This Week In Techdirt History: August 4th - 10th

from the back-in-the-day dept

Five Years Ago

This week in 2014, while President Obama was defending the CIA's increasingly exposed use of torture on the basis that they had a "tough job", James Clapper was defending the redactions in the torture report and calling them "minimal" — but Senators were calling it "incomprehensible", because even 15% redaction can hide all the critical details.

Meanwhile, comic artist Randy Queen was giving a crash course in DMCA abuse, using takedowns to censor blogs that were critical of his work, then claiming that posts criticizing this were defamatory, then doubling down yet again by trying to DMCA the posts about his DMCA abuse.

Ten Years Ago

This week in 2009, a Washington Post writer started an online journalism dust-up when he complained about Gawker "ripping off" his reporting with a blog post discussing and heavily linking to one of his articles. Other bloggers quickly pointed out that, in fact, the mainstream press "rips off" bloggers constantly, spurring more people to dig in and illustrate the entitlement mentality driving big media's complaints about blogs, and finally the suggestion that perhaps they should run their own blogs about their own reporting if they are so upset. Amidst this, the Associated Press was still digging in on their plan to DRM the news, with their text licensing calculator that would gladly charge you for any text whether it came from the AP or not, and ironically leveraging Creative Commons licensing language for their ill-fated DRM tech. We suggested the agency would be better off finding other services to offer newspapers, while competitor Reuters stepped up defended linking, excerpting and sharing.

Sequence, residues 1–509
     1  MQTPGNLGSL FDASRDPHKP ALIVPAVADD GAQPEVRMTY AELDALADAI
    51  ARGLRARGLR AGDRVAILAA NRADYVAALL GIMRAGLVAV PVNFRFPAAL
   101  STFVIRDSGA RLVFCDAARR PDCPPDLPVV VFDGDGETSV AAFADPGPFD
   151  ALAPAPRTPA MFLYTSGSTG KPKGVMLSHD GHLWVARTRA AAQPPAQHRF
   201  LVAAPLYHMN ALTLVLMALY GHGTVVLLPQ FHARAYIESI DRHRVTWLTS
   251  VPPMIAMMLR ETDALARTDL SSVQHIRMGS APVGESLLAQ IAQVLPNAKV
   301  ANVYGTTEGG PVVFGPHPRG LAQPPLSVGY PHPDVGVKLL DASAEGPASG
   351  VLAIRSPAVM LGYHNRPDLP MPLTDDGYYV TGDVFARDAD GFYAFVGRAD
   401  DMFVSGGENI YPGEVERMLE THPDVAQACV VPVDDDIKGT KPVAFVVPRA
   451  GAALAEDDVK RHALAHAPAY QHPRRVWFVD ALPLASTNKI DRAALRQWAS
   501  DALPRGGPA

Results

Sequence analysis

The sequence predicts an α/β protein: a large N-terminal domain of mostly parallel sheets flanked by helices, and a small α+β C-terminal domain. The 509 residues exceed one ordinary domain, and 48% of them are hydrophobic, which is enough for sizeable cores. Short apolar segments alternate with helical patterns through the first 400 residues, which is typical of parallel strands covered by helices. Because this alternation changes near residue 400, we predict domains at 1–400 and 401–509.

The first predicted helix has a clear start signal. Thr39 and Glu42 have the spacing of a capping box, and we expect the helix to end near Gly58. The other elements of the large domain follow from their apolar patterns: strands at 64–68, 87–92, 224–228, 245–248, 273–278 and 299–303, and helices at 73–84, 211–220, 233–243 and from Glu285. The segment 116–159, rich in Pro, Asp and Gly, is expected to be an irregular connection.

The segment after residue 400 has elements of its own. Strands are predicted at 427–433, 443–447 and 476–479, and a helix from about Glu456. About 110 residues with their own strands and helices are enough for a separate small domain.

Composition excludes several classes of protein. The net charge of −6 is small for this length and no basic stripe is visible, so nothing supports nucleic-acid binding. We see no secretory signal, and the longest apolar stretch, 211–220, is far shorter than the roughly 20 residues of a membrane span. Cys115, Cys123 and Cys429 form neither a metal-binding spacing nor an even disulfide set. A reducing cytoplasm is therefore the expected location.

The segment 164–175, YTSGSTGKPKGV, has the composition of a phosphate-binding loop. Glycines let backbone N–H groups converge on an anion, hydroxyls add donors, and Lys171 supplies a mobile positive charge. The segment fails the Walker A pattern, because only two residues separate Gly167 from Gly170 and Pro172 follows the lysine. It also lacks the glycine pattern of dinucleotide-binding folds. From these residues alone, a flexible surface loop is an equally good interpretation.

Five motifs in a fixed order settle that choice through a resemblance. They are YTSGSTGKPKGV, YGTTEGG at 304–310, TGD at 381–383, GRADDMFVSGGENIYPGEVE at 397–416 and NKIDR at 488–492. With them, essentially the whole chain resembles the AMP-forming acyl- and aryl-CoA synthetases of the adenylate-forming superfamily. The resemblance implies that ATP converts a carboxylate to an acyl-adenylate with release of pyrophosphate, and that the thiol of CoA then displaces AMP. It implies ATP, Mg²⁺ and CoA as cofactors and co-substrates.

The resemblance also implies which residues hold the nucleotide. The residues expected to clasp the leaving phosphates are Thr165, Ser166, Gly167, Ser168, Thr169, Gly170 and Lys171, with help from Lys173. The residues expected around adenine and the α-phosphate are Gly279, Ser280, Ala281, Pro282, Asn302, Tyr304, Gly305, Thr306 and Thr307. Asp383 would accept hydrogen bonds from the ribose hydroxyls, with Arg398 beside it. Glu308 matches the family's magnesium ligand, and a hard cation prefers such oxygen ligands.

Also this week in 2009, we published a long rebuttal to the RIAA's factually-challenged boasts about the Joel Tenenbaum verdict.

Fifteen Years Ago

This week in 2004, long before Joel Tenenbaum, we were wondering why the RIAA gets to hold parents responsible for their kids' downloading. The US was using trade negotiations to export the DMCA and software patents to Australia, as it likes to do, Hollywood succeeded in driving a DVD backup software company out of business, and for no particular reason the FCC happily voted that VoIP systems should be required to have wiretap backdoors for law enforcement — a fitting week for Tim Wu to write a post exploring how different regulatory schemes create a "copyright gap" that impacts the telephony and content industries in vastly different ways. We also got an important appeals court ruling that found websites devoted to criticizing companies are not commercial speech and thus do not constitute trademark infringement.

Filed Under: history, look back


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  1. This comment has been flagged by the community. Click here to show it
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    Anonymous Coward, 11 Aug 2019 @ 7:59am

    Re: Moderation != Censorship

    My point remains about secrecy. How many votes are enough? How do they balance against “insightful” or “funny” votes? Why not publish the vote count, if it is legitimate?

    Why hide behinds words like “it can not censor” when it can hide posts? Why play with the meaning of words to make your point? Are you an attorney? Are you fighting to keep things hidden? Why is that?

    Why not be transparent and open? What does it accomplish to hide behind generalizations? It makes Techdirt look illegitimate and phony, what is that a good thing?

    Who is voting? What are their (fake) names? Why does everything need to be hidden from direct view? What are you afraid of?


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